Document type: 
Thesis
File(s): 
Senior supervisor: 
John R. Welch
Department: 
Environment: Department of Archaeology
Thesis type: 
(Thesis) Ph.D.

Archaeologists and Indigenous Traditional Knowledge in British Columbia

Date created: 
2017-07-21
Abstract: 

Archaeologists who study the past histories and lifeways of Indigenous cultures have long used Indigenous traditional knowledge as a source of historical information. Initially, archaeologists primarily accessed traditional knowledge second-hand, attempting to extract historical data from ethnographic sources. However, as archaeologists increasingly work with (and sometimes for) Indigenous communities, they have the opportunity to access traditional knowledge directly. Traditional knowledge is a powerful resource for archaeology, but working with it raises significant socio-political issues. Additionally, integrating traditional knowledge with archaeology’s interpretive frameworks can present methodological and epistemological challenges.This thesis examines the implications of archaeologists’ engagement with traditional knowledge in British Columbia, Canada, where changes at both a disciplinary and broader societal level indicate that archaeologists will increasingly need to find effective and ethical ways to work with traditional knowledge (and knowledge-holders). Through a series of in-depth interviews with practicing archaeologists from around the province, I explore how personal histories, professional circumstances, social realities, and theoretical frameworks affect how traditional knowledge is used in British Columbian archaeology. I conclude by highlighting five emergent interview themes: 1) the significance of personal background and social context in determining how researchers approach traditional knowledge; 2) the importance of long-term relationships between archaeologists and individual First Nations communities; 3) the value of traditional knowledge for illuminating more “ephemeral” aspects of the past; 4) the need for researchers to develop regionally and culturally specific understandings of traditional knowledge in order to work with it responsibly; and 5) the tension between studying Indigenous epistemologies and incorporating them into archaeological interpretations.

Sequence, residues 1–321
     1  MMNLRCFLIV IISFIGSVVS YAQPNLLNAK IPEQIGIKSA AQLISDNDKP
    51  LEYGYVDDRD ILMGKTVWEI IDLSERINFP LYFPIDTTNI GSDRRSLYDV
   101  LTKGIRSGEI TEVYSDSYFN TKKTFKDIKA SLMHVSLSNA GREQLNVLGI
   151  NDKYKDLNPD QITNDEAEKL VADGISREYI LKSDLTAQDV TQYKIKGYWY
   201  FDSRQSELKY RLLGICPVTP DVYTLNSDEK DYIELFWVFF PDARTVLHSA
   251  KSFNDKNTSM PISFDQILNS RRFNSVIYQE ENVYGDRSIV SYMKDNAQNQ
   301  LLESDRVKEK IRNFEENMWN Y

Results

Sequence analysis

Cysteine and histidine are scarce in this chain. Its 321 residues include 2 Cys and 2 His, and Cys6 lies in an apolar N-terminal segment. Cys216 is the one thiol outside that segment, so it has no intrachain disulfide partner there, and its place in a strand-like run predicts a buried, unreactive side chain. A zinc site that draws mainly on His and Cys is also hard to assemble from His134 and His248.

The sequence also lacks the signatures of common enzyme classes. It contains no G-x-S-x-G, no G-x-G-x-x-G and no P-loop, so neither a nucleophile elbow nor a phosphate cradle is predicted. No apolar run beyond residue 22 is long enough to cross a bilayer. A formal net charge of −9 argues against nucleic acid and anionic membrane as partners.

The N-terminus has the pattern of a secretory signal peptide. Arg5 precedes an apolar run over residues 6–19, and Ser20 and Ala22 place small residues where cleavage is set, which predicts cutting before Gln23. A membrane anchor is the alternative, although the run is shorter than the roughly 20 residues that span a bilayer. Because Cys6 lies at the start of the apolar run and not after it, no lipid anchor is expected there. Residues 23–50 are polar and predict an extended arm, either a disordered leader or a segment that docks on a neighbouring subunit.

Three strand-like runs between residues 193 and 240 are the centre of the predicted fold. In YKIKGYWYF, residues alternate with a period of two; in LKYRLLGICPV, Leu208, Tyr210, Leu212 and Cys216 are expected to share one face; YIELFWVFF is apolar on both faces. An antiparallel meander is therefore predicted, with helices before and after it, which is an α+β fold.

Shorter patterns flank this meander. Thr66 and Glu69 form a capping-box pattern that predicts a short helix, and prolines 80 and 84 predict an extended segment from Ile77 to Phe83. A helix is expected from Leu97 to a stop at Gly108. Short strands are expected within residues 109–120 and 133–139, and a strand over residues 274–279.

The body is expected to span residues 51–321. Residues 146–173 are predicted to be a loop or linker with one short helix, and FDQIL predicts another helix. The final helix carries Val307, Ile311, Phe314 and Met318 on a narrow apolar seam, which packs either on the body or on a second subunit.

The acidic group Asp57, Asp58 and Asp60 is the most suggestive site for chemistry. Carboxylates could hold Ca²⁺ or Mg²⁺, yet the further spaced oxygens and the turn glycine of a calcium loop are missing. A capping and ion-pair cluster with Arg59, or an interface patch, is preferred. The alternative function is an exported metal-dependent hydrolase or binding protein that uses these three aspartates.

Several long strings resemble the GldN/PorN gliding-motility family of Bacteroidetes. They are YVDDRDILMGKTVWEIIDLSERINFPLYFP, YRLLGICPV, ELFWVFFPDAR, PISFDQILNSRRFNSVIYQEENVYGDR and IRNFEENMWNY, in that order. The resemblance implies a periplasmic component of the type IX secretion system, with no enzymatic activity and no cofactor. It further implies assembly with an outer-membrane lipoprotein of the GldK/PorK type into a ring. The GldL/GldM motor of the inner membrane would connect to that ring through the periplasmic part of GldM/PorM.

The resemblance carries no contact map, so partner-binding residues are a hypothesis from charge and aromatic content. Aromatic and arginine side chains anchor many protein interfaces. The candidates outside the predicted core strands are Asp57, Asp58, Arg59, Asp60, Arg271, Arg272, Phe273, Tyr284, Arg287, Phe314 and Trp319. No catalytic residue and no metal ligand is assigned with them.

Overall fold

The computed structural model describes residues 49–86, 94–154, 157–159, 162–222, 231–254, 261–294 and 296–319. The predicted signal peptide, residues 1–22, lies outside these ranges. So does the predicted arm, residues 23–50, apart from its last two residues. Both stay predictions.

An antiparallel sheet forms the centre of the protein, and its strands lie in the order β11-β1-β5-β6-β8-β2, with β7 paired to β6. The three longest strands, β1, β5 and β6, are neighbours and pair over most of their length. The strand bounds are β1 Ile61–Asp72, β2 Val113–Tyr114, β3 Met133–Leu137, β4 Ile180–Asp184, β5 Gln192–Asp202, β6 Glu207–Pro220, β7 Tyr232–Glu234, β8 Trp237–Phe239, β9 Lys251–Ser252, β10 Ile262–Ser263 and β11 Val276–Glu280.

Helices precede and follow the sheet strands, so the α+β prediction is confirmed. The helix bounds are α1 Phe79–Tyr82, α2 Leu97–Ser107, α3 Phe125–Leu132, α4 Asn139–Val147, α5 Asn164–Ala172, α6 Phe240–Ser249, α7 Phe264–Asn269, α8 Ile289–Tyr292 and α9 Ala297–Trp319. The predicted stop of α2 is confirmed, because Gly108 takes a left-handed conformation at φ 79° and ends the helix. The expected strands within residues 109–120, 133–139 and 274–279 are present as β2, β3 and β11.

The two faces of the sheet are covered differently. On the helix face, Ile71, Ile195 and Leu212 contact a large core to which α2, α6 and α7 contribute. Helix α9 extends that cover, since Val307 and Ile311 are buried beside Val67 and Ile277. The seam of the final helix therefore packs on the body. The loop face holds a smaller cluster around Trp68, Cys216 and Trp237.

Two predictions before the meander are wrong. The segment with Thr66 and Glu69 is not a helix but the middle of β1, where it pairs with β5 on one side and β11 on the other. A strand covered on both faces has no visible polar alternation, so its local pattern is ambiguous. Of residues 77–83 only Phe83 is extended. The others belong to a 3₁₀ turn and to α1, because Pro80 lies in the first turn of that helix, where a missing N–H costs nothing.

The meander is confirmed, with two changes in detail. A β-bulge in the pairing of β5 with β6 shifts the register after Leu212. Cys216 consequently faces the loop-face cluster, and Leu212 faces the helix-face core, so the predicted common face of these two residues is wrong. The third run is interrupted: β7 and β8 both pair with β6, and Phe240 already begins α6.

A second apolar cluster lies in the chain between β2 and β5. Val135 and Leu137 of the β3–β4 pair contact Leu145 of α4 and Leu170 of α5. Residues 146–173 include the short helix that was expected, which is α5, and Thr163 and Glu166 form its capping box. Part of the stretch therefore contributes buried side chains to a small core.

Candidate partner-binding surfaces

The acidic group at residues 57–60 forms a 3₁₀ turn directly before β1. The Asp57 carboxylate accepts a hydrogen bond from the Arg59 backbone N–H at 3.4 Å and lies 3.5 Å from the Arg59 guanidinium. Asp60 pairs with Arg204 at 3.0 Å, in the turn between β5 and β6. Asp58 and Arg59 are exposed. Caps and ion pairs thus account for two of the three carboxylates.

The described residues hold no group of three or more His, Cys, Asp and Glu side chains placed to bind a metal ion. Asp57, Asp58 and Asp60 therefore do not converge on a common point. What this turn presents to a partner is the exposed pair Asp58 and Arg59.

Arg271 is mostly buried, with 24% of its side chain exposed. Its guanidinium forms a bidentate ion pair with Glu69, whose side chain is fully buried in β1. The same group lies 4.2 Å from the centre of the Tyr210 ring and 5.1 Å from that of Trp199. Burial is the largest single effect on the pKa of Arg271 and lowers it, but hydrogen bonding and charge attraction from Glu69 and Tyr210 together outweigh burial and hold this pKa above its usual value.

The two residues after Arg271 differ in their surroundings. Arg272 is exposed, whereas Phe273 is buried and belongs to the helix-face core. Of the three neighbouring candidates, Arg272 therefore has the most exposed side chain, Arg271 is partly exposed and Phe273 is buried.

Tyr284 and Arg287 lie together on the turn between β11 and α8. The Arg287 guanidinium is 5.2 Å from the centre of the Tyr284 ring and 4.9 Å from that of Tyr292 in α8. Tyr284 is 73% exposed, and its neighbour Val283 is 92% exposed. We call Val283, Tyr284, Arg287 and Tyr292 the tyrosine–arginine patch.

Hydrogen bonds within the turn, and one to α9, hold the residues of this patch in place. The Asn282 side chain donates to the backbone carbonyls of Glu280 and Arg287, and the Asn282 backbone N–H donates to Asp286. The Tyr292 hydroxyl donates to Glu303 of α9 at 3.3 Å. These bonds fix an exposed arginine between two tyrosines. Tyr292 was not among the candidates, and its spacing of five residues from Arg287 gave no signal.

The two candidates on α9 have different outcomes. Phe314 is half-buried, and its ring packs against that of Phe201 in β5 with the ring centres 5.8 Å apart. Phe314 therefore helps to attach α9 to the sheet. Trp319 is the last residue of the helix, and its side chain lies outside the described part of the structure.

Document type: 
Thesis
File(s): 
Senior supervisor: 
George Nicholas
Department: 
Environment: Department of Archaeology
Thesis type: 
(Thesis) M.A.

Refining local sea-levels through settlement change in Kanish and Waiatt Bays, Quadra Island

Date created: 
2017-06-06
Abstract: 

Post-glacial sea-level histories along the Pacific Northwest Coast are complex and heterogeneous, varying significantly temporally and spatially. Even well-refined regional sea-level curves do not allow us to understand and appreciate the effect this dynamism had on lived lives, particularly in cases where sea-level changed up to several meters in an instant. This thesis details how human settlement histories, intimately connected to sea-level, may be used to provide well-refined relative sea-level curves on a local scale. Archaeological reconstructions of settlement histories in Kanish and Waiatt Bays, Quadra Island reveal extremely localized sea-level variations, including at least one tectonic event affecting deposits in Waiatt Bay. Overall agreement of our sea-level estimates with that of broader regional models indicates that intensive coring of settlement sites is an accurate and efficient means of accumulating powerful datasets, which can provide important insights into past environmental and cultural histories.